CT Department of Consumer Protection

This, the last of a four part series published to coincide with the National Consumer Protection Week, March 1-7 (NCPW), focuses on the CT Department of Consumer Protection (CTDCP). Since so many of our members reside in Connecticut, it just seemed appropriate.

The three previous articles:

CTDCP: Mission Statement: To ensure a fair and equitable marketplace, safe products and services for consumers in the industries that we license, regulate and enforce.

In a nutshell, the CTDCP looks out for consumers by the following:

We License: Each year, the Department of Consumer Protection issues over 200,000 licenses, registrations, and permits for more than 200 types of jobs and businesses, including pharmacies, liquor stores, casinos, mobile home parks, electricians, home improvement contractors, lottery agents and real estate brokers, to name just a few. We also oversee food and beverage industries, to ensure safety and wholesomeness. We regulate gasoline retailers and home heating fuel dealers, and oversee the production and distribution of all prescription medication in the state.

We Regulate: We enforce many federal and state laws, investigate consumer complaints and mediate disputes between consumers and businesses. The Connecticut Unfair Trade Practices Act gives us broad authority over unfair business activity and offers the possibility of financial restitution for consumers who have been unfairly treated. The Pure Food, Drug and Cosmetic Act, the State Child Protection Act and the Weights and Measures Act also help us safeguard residents from harmful products and from unfair or dishonest treatment.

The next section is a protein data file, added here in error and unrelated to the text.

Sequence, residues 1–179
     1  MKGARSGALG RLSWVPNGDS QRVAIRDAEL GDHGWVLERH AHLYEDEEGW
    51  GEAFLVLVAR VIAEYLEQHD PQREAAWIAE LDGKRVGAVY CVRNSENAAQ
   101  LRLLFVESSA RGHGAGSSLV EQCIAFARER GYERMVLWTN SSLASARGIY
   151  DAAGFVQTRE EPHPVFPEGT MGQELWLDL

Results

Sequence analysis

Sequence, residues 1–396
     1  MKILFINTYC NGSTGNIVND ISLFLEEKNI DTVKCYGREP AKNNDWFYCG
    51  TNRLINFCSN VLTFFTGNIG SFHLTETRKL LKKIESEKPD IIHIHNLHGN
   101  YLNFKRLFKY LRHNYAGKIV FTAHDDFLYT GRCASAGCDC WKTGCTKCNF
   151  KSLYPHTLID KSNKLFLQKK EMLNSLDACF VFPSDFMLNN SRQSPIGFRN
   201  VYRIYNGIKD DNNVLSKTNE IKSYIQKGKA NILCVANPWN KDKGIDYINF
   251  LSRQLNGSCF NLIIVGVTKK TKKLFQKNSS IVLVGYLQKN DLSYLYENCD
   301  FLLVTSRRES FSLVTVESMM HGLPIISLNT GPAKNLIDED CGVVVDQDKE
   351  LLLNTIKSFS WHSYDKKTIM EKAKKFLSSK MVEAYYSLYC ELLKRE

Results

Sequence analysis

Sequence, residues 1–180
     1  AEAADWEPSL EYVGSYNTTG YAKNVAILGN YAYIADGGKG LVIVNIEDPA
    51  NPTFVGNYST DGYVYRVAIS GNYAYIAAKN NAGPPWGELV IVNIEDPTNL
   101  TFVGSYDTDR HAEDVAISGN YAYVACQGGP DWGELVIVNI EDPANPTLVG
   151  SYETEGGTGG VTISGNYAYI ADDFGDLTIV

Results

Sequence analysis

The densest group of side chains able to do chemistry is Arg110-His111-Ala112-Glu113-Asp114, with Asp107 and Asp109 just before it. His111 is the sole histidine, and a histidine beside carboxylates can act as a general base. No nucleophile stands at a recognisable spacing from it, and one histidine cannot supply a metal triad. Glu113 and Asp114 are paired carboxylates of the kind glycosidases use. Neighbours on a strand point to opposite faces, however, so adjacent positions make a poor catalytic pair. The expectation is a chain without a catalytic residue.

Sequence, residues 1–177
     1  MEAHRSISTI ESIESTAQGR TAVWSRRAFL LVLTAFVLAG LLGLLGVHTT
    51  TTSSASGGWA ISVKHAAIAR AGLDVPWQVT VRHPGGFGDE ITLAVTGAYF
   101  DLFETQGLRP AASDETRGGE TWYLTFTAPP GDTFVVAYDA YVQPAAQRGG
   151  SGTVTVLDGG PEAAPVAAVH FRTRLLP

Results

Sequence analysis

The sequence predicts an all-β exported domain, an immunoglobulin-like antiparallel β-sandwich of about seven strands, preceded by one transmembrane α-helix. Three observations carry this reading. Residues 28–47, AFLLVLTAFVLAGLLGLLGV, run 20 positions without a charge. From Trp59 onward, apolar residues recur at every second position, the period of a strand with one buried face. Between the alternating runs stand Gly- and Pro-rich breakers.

We Monitor: To protect citizens from unfair businesses and unsafe products, we continually monitor the marketplace and remove tainted, fraudulent, and dangerous products from store shelves. We inspect gasoline pumps, scales and all measuring devices used in business to ensure their accuracy. We prevent the illegal sale or prescribing of prescription drugs, and we work to put scam artists out of business and to keep alcoholic beverages away from minors and intoxicated persons. We also ensure the integrity of all forms of legalized gaming.

We Protect: A written complaint is the first step a consumer must take to alert us of a problem. We carefully review each complaint, investigate as needed, and work to find a solution that restores fairness, ensures legal compliance, and wherever possible and appropriate, provides monetary restitution to the consumer.

Wow!
That’s a pretty broad sweep of responsibility. There’s no way that we could tell you all about it, except by republishing their web site, and nobody wants that.

But Be Informed!
Still, most everyone at sometime or other has need for services and products from providers that CTDCP regulates and monitors, so it really isn’t a bad idea to have a working knowledge of the CTDCP structure and what regulations it applies to protect us, the Connecticut consumers. So, read on for a short overview of the CTDCP organization and how it protects us. Not a bad idea to bookmark their web site as well: CTDCP.

The Department has seven divisions, each with its own area of expertise, that as a whole define the scope of CTDCP:

  • Drug Control Division — The Drug Control Division works to protect the health and safety of Connecticut residents by regulating all persons and firms involved in the distribution of all legal drugs, medical devices and cosmetics in Connecticut. It also oversees Connecticut licensing for pharmacies, pharmacists, controlled substance providers and laboratories, pharmacy technicians, and drug manufacturers and wholesalers.